Djamilou Abdoulkarim, a Central African Republic national, leads a team of World Health Organization (WHO) logisticians supporting the Ebola response in Butembo, a city in north-eastern Democratic Republic of the Congo. He took up the job in April 2019, heading a 49-member team. Mr Abdoulkarim first stepped into the logistics and operations world in 2005 and has worked in eight African countries, including his own.
When people ask me: ‘So what do you do in logistics?’ I say, ‘How long have you got’?
We are involved in all the challenges, on the frontline … supporting all parts of this Ebola response to provide better coordinated logistics. Everywhere you look, you can see the results of our work.
Logistics is the heart that keeps the operation pumping.
Although I knew this area and the context, when I came I did not expect such huge challenges.
All parts of this Ebola response need our support. Here in Butembo we support a large area of 12 health zones, 217 health areas, two Ebola Treatment Centres, nine Ebola Transit Centres (hosting people suspected to have Ebola) and 10 sub-offices.
Briefly, our tasks include strategy and logistics management, supply chain management, operational support, security support and evaluating and monitoring our activities.
We make sure that WHO teams have everything they need to carry out their tasks, whether they work in the field as vaccinators, for example, or work in the office supporting the operation.
My motto is: If something needs doing, do it straightaway otherwise the problem will grow.
We build and rehabilitate structures: houses, offices, Ebola Treatment Centres, Ebola Transit Centres, case sorting areas ... They must all have water, electricity and adequate equipment.
Then there is the equipment to maintain. This covers everything from radios, telephones, boots, gloves for biosecurity work, raincoats, cleaning products …. If someone asks for something, no matter how small, you have to have it in stock. If you don’t, you order it immediately.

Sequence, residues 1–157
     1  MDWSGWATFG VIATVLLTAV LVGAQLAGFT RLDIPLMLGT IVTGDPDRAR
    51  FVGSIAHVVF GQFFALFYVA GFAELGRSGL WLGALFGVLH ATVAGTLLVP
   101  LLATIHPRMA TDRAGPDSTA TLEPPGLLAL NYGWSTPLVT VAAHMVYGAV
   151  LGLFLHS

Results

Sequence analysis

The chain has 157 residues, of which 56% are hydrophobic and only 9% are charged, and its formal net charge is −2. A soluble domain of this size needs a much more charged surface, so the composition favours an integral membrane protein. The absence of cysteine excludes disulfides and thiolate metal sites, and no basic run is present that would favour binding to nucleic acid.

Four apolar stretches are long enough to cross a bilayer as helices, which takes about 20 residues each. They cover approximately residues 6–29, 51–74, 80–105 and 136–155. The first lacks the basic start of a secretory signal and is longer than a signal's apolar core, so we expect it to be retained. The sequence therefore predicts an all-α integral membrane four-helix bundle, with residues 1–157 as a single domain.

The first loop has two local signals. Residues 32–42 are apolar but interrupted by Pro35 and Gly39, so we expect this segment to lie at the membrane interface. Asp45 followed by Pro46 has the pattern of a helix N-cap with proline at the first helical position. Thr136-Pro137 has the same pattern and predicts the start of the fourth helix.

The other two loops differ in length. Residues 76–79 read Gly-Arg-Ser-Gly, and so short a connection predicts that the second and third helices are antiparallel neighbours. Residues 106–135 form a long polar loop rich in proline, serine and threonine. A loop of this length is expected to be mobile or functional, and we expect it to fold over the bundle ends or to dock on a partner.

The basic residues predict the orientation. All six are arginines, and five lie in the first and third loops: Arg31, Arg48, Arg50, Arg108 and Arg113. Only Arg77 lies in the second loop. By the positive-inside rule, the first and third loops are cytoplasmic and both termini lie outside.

I always worry about something going wrong with the supply chain, because even something small can really affect the smooth running of the operation. That’s why we always have to be on our toes to make sure everything needed is in place and that there’s an adequate supply of everything our colleagues need to do their work.
We are constantly checking orders, goods arriving, vehicles, motorbikes, ambulances, equipment to ensure not just that we have enough of everything but that the quality of the supplies meets WHO specifications.
As for the response itself, I have to say this emergency response is very different to the others I’ve worked in, and I’ve worked in a lot of other African countries.
There’s a complexity to this operation that’s caused by the difficult security situation we find ourselves in. We’ve experienced deadly flare-ups (of violence), physical aggression, the burning down of the Ebola Treatment Centre in March (since rebuilt), inability to access certain areas …
As for the local staff working with us, they receive training in emergency logistics and the fight against epidemics, a real transfer of skills and innovative knowledge. After we return home, they will continue what we started.
Today, I am really proud of what we have all accomplished here in Butembo (as part of the WHO Ebola response).
WHO logistics operations in the Democratic Republic of the Congo is supported by the European Commission Humanitarian Aid (ECHO).